When it first launched, NZ start-up Invert Robotics had a “solution in search of a market”. Today, it’s enjoying significant year-on-year growth, having adapted it robotics technology for use by multiple industries across multiple countries
Founded out of New Zealand’s University of Canterbury in 2011, Invert Robotics employs robots which are capable of climbing various surfaces, including non-magnetic (e.g. stainless steel), to provide inspection services to clients with high-value and mission-critical assets.
The technology was developed by founder and CTO James Robertson, who transformed the initial concept into a viable product with the assistance of Powerhouse Ventures – a startup VC firm with a focus on commercialising university-generated IP in Australia and New Zealand.
According to Neil Fletcher, the managing director of Invert Robotics, the use of robotics addresses the pitfalls of traditional human-led inspections in a range of industries.
“We’re reducing (and even sometimes eliminating) risks to worker health and safety, particularly those associated with physically entering hazardous environments, such as food processing equipment, and working from heights,” he told Dynamic Business. “We’re also reducing the potential for food contamination and helping clients make the inspection process more efficient – by completing robust, high-quality inspections significantly faster, there’s reduced downtime for assets.”
Invert Robotics has clients in the food and beverage space, including five of the world’s top six dairy companies, whose silos are stainless steel and thus cannot be scaled by traditional magnetic robots. It also provides services to the resources sector, including the gas and oil industries.
“Some industries lend themselves to the implementation of robotics more than others,” Fletcher said. “But more and more industries are benefitting from robotics as the technology improves. We are in the final stages of deals with both a large international airline and a large aircraft maintenance organisation, and we have our sights on façade cleaning (i.e. glass covered sky scrapers), energy, petrochemical and mining industries – all of whom use large, mission critical non-magnetic assets. Our robot is generally easily adapted, normally by adding new detection tools on to it or by minor development work to address the new demands.”
Although Invert Robotics is headquartered in Christchurch, Invert Robotics has an office in the Netherlands and three more are being opened across Germany, France and the UK. The company’s products are also used in Australia, Belgium, Ireland, Denmark and Indonesia and it has secured its first clients in Asia, with discussions now underway to launch in the Americas.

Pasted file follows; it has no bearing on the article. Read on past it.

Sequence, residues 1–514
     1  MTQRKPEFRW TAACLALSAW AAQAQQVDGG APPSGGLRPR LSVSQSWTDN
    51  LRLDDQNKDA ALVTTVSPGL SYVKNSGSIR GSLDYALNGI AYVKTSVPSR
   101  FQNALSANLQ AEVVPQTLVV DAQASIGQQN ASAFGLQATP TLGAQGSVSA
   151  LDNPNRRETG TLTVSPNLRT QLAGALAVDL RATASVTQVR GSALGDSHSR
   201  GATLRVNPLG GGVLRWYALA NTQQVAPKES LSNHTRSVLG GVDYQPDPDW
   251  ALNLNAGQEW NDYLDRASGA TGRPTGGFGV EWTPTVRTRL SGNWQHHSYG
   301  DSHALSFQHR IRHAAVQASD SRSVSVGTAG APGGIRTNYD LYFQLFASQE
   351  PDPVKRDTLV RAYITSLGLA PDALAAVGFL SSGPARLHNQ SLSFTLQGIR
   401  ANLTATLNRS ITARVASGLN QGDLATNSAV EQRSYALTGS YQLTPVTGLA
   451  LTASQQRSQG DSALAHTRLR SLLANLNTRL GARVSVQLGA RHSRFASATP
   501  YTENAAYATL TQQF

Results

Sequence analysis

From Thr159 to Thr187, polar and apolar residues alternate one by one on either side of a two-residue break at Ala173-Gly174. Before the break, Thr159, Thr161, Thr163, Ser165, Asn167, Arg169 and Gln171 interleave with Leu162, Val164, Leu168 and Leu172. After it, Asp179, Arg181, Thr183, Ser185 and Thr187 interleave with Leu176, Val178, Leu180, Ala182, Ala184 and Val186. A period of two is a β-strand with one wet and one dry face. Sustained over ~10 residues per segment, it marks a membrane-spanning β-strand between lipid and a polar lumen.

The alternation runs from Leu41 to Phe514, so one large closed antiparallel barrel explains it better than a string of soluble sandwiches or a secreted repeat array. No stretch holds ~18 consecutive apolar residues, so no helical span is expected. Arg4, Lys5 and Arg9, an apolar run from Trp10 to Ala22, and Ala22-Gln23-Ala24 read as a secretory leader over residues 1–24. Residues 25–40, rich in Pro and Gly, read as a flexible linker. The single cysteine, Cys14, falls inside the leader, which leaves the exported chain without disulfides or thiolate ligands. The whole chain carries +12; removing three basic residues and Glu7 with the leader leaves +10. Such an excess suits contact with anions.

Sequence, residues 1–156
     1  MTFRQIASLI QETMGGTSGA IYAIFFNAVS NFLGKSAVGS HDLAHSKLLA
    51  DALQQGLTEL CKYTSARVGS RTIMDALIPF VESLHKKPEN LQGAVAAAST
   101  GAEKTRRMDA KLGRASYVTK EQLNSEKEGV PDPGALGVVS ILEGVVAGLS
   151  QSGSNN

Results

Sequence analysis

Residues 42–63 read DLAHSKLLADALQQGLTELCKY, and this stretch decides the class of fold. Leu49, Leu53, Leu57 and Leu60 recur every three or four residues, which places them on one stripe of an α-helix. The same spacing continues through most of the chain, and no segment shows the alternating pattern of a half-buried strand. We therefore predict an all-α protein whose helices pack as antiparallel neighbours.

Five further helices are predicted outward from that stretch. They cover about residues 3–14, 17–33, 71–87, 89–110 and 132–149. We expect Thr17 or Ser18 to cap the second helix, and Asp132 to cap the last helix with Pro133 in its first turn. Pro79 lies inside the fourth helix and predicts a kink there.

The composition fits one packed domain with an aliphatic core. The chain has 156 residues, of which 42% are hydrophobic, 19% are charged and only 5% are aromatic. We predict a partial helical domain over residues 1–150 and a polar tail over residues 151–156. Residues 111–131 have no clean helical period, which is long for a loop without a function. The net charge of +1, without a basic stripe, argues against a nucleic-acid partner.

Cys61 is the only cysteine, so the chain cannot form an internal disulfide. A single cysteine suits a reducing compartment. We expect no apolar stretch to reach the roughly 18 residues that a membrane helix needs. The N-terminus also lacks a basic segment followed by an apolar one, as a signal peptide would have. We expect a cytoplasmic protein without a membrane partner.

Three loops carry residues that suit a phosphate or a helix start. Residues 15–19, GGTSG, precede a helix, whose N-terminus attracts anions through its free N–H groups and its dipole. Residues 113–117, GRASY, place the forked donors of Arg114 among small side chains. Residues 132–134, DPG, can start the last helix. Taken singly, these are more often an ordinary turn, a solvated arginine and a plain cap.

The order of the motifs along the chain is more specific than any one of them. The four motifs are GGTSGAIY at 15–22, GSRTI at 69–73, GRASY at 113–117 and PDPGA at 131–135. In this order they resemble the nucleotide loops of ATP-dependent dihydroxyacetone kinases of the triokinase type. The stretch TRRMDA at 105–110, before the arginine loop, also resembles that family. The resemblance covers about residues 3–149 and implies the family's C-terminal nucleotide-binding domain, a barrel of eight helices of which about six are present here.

According to Fletcher, since launching into Europe in 2016, the company has enjoyed ‘extraordinary’ growth in size and client numbers, and its revenue has ‘climbed dramatically’, with its result for FY17 400% greater than FY16. “We’re on track to expect the same increase in FY18,” he added.
Fletcher attributed the company’s success to date to a combination of internal expertise and market conditions in Europe.
“We’ve been able to demonstrate a point of difference over our competitors in terms of time, quality and cost,” he explained. “This has been supported by our technology roadmap for the short and long term and our ability to deliver against that roadmap PLUS careful examination of the markets we’re addressing, including how to enter them and execute entry in the best possible way.
“Demand for our robot in Europe has been particularly strong due to a) stricter adherence to health and safety regulations, b) our ability to have the mission-critical assets back on line sooner, and c) the fact that product represents a significant innovation in a market where consumers are always looking for new technology and look for future benefits.
“We’re fortunate that James is a fantastic innovator who is always looking to solve problems. The conundrum of having a product that was, at least initially, a solution in search of a market doesn’t quite work really appealed to James’ highly technical brain and his desire to see things working seamlessly.
“We also have phenomenal staff who not only align with our vision but really advance the company by identifying and winning strategic customers. This has been invaluable because a challenge for us in the past has been getting non-believers to even take a look at our robot – many didn’t believe it could stick to (let alone move smoothly along) surfaces as there is no other robot capable of doing so. We have found that once people see our robot in operation, they are quickly converted. Operating a business from New Zealand, when most of its growth and activity in in Europe is also a challenge, which we’ve worked to address with the strong staff base we employ.”
It has been 14 months since Fletcher joined Invert Robotics, having been drawn to “the people and the atmosphere and the challenge of helping lead a growing startup with an innovative product”. He added, “Every day is a new challenge with new opportunities, both in terms of maturing and growing the company as well as commercial opportunities. It’s a roller coaster but it’s a great ride!”